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View Poll Results: Which city is more Urban
Chicago 114 79.17%
Los Angeles 30 20.83%
Voters: 144. You may not vote on this poll

 
 
Old 03-18-2013, 08:10 PM
 
Location: Hollywood, CA
1,576 posts, read 2,536,238 times
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Quote:
Originally Posted by nei View Post
Yes there is. Koreatown, for one. Same or slightly denser than any Chicago neighborhood. Part of the higher density is larger household size but it's still structurally dense. The commercial streets of some of the neighborhoods you mentioned might be able to pass for outer borough NYC nabes:


https://maps.google.com/maps?q=Wrigl...5,,0,11.9&z=15


but residential density-wise, 30,000 people per square mile isn't NYC pt 2 at all; most of the spots near the center city are much denser. 30,000 people per square mile is the density of Bay Ridge (where Saturday Night Fever is supposed take place), rather far out, though a nice neighborhood (and most of Bay Ridge still seems denser judging by a map). Most sections a visitor would see are denser. There's some similarities between the two cities but large differences.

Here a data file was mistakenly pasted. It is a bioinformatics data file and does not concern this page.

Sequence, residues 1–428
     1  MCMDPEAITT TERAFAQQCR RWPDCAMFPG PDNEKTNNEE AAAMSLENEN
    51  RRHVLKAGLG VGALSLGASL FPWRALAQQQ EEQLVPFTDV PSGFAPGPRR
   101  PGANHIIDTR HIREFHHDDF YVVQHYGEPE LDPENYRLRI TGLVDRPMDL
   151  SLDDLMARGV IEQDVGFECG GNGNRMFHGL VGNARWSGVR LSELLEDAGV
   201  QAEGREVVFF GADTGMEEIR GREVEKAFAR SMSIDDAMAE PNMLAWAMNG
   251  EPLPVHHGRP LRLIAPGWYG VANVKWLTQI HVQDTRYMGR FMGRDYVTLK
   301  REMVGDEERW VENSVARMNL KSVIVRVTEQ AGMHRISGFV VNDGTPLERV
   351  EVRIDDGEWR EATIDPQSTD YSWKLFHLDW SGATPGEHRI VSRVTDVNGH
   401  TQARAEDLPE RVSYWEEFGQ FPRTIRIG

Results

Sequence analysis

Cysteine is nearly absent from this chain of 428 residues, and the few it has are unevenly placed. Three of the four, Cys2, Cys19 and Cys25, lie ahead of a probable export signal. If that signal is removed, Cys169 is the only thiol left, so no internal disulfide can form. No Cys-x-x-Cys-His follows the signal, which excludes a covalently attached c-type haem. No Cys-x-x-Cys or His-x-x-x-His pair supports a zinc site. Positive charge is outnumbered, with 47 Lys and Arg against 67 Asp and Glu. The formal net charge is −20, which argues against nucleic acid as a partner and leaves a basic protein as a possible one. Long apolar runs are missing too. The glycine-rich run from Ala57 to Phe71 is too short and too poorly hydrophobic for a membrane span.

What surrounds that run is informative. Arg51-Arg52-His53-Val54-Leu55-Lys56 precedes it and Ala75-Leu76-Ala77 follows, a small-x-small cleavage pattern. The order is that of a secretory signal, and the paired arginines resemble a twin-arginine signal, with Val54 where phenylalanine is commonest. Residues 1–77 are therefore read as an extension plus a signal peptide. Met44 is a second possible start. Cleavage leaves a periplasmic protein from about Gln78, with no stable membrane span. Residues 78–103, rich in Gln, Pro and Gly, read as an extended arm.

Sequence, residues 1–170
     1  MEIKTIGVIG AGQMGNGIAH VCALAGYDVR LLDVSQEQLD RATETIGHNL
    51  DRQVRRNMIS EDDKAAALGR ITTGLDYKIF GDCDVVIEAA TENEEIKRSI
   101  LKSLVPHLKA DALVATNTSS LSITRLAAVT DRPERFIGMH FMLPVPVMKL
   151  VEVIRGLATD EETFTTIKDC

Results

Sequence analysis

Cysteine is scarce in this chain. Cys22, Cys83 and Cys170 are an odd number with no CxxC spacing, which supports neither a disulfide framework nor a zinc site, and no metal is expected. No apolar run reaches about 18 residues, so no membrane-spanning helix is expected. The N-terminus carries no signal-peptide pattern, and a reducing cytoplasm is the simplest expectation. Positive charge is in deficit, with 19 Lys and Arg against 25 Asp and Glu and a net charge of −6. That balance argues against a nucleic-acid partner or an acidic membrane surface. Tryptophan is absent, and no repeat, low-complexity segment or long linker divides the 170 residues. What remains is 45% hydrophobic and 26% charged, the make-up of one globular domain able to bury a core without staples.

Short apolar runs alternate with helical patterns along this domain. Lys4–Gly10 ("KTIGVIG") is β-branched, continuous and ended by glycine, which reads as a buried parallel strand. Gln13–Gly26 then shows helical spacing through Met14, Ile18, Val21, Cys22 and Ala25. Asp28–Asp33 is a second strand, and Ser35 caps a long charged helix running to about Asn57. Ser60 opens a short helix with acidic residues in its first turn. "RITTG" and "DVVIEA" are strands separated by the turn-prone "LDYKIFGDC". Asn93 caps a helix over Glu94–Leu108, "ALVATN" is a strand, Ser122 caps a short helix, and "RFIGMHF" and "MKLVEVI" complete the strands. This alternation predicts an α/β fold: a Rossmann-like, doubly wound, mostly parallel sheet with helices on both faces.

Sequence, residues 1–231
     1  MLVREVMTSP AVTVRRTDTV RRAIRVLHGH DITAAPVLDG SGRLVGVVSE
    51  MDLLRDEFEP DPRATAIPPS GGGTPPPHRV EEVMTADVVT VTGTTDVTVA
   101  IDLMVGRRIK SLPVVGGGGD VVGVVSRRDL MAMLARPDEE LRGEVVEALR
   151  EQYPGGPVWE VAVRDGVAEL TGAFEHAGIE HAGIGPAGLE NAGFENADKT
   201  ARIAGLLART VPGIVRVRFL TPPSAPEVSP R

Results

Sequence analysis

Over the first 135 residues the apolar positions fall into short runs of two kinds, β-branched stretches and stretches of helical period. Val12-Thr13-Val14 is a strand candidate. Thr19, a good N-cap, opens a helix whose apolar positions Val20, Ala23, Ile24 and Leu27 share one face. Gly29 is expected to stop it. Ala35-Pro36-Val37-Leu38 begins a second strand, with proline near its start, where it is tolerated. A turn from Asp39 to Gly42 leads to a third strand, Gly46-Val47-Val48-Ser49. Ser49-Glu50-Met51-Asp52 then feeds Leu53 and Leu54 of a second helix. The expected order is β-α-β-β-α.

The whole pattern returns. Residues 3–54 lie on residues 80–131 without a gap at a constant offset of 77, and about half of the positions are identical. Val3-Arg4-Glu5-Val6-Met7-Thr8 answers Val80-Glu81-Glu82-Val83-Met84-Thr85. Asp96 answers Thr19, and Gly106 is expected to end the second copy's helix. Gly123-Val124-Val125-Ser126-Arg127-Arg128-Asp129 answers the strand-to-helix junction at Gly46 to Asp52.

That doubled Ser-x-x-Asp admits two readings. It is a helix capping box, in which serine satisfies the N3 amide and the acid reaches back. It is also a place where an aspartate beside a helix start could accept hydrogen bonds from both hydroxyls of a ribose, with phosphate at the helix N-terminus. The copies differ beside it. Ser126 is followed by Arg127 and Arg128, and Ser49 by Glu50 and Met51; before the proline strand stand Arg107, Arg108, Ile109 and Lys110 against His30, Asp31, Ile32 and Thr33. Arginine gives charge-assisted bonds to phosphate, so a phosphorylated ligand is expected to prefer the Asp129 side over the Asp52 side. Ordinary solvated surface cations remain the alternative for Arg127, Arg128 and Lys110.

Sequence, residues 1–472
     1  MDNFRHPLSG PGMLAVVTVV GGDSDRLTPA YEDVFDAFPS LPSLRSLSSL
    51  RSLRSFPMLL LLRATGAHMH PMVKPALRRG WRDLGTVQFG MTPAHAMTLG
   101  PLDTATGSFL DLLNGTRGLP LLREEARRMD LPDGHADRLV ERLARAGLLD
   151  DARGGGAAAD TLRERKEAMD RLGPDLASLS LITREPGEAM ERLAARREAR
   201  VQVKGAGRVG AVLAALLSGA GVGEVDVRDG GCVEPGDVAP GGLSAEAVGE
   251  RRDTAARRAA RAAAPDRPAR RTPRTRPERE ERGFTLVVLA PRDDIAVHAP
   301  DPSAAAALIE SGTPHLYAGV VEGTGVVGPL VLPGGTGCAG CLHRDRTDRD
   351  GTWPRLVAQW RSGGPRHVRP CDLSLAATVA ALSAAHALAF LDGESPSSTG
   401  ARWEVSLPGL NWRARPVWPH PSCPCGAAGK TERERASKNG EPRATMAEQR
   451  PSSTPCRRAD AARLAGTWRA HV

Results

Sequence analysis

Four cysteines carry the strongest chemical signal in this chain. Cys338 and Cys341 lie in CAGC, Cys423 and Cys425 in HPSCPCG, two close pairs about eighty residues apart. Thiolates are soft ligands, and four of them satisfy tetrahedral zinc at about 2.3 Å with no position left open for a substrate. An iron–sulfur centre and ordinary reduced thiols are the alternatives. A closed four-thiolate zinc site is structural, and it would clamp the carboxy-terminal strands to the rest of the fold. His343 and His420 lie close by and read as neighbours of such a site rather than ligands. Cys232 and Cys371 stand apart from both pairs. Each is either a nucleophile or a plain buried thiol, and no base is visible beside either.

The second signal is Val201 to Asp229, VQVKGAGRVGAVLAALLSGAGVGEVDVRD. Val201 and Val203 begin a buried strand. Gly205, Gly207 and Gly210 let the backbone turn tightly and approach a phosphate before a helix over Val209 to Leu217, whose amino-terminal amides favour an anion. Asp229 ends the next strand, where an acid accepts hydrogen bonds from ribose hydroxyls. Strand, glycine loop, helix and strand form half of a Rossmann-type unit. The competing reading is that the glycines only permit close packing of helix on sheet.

But when you average things out. Chicago has denser neighborhoods than Los Angeles. Chicago's neighorhoods on average aren't as dense as NYC's neighborhoods, but they are denser by structural design and population compared to Los Angeles's neighborhoods.

The density of Los Angeles neighborhoods are inflated by multiple families living in the same housing. Other than Koreatown, Hollywood, East Hollywood Westlake, and maybe Palms. I don't have that feeling I'm in a dense neighborhood like some of the neigborhoods I saw in Chicago. Most of these neighborhoods have the typical single family homes with strip malls on the commercial streets found in most of Los Angeles.

Here's the 10 densest neighborhoods in Los Angeles from mapping LA.

1 Koreatown 42,611
2 Westlake 38,214
3 East Hollywood 31,095
4 Pico-Union 25,352
5 Maywood 23,638
6 Harvard Heights 23,473
7 Hollywood 22,193
8 Walnut Park 22,028
9 Palms 21,870
10 Adams-Normandie 21,848

I highlighted Maywood to give an example of how density statistics are inflated. Here's what Maywood looks like.

https://maps.google.com/maps?q=maywo...63.22,,0,-5.47